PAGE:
Emphasis added.) In accomplishing its review of a summary-judgment motion, the circuit court is not required to make findings of fact and conclusions of law, pursuant to Rule 52(a) of the Arkansas Rules of Civil Procedure. Rule 52(a) plainly states that “[f]indings of fact and conclusions of law are unnecessary on decisions of motions under these rules.” Ark. R. Civ. P. 52(a) (2013). However, when a case does not involve a motion, we typically adhere to our well-established principle that the failure to obtain a ruling on an issue at the trial court level precludes a review of the issue on appeal. Technical Servs. of Ark., Inc. v. Pledger, 320 Ark. 333, 896 S.W.2d 433 (1995); Parmley v. Moose, 317 Ark. 52, 876 S.W.2d 243 (1994).


In the present case, Bishop raised the sole ground of agency in her motion for summary judgment and, as an alternative ground for partial summary judgment, the issue of double damages. The parties clearly raised the agency issue in motions before the circuit court and attached exhibits in support. The parties also argued the issue to the court at the summary-judgment hearing. As a result, the circuit court's order states that it made its findings “[b]ased upon the adopted pleadings and argument of counsel” in ruling that “no genuine issue of material facts exists.” Thus, the circuit court's grant of summary judgment encompassed the sole issue of agency presented to it in the motions, briefs, and arguments by counsel at the hearing. Because it granted summary judgment on agency, the court did not need to rule on the alternative ground of damages. Therefore, pursuant to Rule 52(a), we conclude that the circuit court was not required to make specific findings of fact and conclusions of law, and the failure to do so does not preclude our appellate review of the order granting summary judgment.

However, we recognize a line of summary-judgment cases in which the circuit courts have granted summary judgment, and on appeal, we have held that, because the circuit courts made no specific ruling on numerous claims, we were precluded from considering the issues on appeal. See e.g., In re Estate of Keathley, 367 Ark. 568, 242 S.W.3d 223 (2006); Hanks v. Sneed, 366 Ark. 371, 235 S.W.3d 883 (2006); Morrison v. Jennings, 328 Ark. 278, 943 S.W.2d 559 (1997). To the extent that those cases and their progeny are inconsistent with the holding in the present case, we overrule them. See Jackson v. Ivory, 353 Ark. 847, 862, 120 S.W.3d 587, 596 (2003) (holding that a circuit court's order stating that “[t]here was no genuine issue as to any material fact” was sufficient to preserve appellant's issue on appeal when the issue had been presented to the circuit court).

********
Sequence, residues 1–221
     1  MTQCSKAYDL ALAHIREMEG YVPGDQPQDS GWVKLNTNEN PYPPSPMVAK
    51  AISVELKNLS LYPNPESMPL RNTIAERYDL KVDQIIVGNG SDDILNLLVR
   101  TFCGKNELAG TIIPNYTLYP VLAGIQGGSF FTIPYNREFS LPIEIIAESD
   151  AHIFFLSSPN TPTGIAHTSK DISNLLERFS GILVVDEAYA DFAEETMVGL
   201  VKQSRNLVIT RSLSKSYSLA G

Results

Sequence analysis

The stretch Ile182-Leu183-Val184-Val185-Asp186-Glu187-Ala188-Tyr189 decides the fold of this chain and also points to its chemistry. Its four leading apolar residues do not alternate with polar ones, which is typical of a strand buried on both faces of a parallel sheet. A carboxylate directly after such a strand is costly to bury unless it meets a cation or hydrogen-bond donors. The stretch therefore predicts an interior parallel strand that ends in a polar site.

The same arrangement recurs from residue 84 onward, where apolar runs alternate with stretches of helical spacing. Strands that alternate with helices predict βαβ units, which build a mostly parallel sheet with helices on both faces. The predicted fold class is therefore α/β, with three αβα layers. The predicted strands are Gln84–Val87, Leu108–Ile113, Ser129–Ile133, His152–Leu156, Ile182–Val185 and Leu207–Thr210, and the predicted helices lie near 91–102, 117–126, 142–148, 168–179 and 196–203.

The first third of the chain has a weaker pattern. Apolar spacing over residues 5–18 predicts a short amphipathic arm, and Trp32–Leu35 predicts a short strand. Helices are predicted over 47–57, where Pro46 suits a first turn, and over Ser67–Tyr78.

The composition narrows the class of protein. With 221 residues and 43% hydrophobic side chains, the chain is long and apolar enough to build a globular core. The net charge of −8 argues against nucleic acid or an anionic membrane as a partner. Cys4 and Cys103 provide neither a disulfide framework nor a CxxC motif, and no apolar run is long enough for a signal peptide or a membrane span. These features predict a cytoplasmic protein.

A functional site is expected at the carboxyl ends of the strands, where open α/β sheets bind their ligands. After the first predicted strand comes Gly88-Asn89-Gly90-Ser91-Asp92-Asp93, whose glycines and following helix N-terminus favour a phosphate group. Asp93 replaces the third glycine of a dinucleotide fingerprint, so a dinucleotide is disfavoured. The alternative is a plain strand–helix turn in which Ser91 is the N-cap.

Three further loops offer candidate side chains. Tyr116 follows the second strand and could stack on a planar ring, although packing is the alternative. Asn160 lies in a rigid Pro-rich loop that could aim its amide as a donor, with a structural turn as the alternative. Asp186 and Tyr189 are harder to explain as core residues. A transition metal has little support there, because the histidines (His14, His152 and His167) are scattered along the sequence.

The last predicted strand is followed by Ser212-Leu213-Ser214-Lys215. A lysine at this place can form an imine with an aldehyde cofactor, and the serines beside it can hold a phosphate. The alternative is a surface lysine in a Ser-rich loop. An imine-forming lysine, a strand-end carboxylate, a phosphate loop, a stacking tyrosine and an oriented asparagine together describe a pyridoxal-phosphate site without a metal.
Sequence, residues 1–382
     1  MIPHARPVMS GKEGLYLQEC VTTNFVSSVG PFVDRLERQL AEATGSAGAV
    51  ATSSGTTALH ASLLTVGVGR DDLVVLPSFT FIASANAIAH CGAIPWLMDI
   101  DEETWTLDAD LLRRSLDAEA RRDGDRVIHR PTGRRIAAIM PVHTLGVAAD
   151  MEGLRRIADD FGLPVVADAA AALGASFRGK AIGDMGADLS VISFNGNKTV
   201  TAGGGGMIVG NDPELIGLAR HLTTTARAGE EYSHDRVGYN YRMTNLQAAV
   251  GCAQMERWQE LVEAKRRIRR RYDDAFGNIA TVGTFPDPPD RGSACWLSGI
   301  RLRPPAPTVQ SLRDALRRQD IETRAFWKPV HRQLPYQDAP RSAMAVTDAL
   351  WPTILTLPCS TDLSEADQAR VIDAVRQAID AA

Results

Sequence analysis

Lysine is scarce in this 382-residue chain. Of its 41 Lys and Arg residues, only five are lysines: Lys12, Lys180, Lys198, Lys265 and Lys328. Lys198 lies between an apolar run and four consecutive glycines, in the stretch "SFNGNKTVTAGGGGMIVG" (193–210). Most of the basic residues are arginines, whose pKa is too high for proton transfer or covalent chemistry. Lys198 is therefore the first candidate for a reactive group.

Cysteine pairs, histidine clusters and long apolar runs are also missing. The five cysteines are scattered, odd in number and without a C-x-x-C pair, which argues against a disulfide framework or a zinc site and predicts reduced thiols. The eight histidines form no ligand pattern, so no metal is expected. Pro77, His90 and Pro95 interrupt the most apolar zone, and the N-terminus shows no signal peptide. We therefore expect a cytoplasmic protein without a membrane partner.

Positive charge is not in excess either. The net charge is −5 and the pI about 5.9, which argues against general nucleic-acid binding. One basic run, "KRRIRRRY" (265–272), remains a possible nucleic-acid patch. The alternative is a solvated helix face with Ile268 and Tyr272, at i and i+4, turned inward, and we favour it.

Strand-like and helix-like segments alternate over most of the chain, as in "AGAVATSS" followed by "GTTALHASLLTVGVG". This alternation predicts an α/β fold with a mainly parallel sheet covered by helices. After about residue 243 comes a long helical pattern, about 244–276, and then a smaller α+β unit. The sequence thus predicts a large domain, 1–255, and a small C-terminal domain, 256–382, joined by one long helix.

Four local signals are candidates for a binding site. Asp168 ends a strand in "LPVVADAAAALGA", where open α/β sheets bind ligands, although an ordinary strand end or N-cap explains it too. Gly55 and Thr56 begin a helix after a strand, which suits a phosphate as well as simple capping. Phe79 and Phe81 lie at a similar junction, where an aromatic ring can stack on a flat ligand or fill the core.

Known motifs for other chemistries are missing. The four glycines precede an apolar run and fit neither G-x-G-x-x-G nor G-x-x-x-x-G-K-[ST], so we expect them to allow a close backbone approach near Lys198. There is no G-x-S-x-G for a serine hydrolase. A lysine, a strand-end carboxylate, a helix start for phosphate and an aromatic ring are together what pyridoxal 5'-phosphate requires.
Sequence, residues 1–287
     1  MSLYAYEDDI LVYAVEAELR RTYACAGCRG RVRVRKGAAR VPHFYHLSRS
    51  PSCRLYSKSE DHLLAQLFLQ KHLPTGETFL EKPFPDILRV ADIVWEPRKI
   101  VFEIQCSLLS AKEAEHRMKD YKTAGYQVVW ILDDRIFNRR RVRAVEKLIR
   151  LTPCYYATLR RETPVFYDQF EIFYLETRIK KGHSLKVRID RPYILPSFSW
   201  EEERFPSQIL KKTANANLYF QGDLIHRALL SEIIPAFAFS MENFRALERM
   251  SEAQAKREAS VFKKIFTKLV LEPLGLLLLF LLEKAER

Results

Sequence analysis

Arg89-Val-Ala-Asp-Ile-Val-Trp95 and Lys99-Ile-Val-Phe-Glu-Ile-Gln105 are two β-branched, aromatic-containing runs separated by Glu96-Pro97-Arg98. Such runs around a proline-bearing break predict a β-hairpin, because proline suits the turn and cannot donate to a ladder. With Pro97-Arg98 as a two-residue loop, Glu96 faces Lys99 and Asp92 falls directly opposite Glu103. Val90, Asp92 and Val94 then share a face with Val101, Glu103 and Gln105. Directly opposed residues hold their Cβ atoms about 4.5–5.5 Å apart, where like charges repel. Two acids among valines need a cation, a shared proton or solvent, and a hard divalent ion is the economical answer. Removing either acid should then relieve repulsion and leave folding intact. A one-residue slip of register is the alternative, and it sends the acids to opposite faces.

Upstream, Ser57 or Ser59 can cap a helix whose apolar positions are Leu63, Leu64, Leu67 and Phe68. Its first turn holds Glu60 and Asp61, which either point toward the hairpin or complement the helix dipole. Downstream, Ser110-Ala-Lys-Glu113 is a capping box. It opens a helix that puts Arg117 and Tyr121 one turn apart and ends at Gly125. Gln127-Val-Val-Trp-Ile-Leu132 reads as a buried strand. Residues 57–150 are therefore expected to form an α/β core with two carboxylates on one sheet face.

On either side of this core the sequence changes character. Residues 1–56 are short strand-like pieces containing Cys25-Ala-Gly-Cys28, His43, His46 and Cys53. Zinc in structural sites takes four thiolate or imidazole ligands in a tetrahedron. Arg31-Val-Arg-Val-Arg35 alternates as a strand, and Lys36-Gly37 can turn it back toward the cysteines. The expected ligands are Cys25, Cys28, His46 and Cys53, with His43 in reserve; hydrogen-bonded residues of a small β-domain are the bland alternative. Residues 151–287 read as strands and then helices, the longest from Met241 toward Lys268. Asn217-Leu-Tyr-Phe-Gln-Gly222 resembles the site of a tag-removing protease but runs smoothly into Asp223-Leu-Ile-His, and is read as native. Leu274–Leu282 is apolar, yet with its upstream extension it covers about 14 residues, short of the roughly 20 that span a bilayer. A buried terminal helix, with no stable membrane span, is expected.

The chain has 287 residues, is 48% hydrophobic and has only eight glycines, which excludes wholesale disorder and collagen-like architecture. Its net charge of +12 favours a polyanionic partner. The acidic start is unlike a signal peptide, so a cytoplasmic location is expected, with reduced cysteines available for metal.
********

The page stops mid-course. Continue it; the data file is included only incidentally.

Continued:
We do not implicate our holding in Arkansas Lottery Commission v. Alpha Marketing, 2012 Ark. 23, 386 S.W.3d 400, where we held that the circuit court's failure to make an express ruling on the issue of sovereign immunity precluded the Commission from immediately appealing the order. In that case, sovereign immunity was the basis of our jurisdiction, and as such, that finding was necessary for our review.

We now reach the merits of appellants' arguments. For the first point on appeal, appellants argue that the circuit court erred in granting Bishop's motion for summary judgment on the basis that no genuine issue of material fact existed. Appellants claim that, notwithstanding Bishop's assertions, there was ample proof to create a jury question that an agency relationship existed between Bishop and Wardlaw. In response, Bishop contends that the circuit court properly granted her motion for summary judgment, finding that she could not be vicariously liable for the alleged negligent acts or omissions of Wardlaw.

The law is well settled that summary judgment is to be granted by a circuit court only when it is clear that there are no genuine issues of material fact to be litigated, and the party is entitled to judgment as a matter of law. Harrisburg Sch. Dist. No. 6 v. Neal, 2011 Ark. 233, 381 S.W.3d 811. Once the moving party has established a prima facie entitlement to summary judgment, the opposing party must meet proof with proof and demonstrate the existence of a material issue of fact. Id. On appellate review, we determine if summary judgment was appropriate based on whether the evidentiary items presented by the moving party in support of the motion leave a material fact unanswered. Campbell v. Asbury Auto., Inc., 2011 Ark. 157, 381 S.W.3d 21. We view the evidence in the light most favorable to the party against whom the motion was filed, resolving all doubts and inferences against the moving party. Id. Our review focuses not only on the pleadings, but also on the affidavits and documents filed by the parties. Cent. Okla. Pipeline, Inc. v. Hawk Field Servs., LLC, 2012 Ark. 157, 400 S.W.3d 701.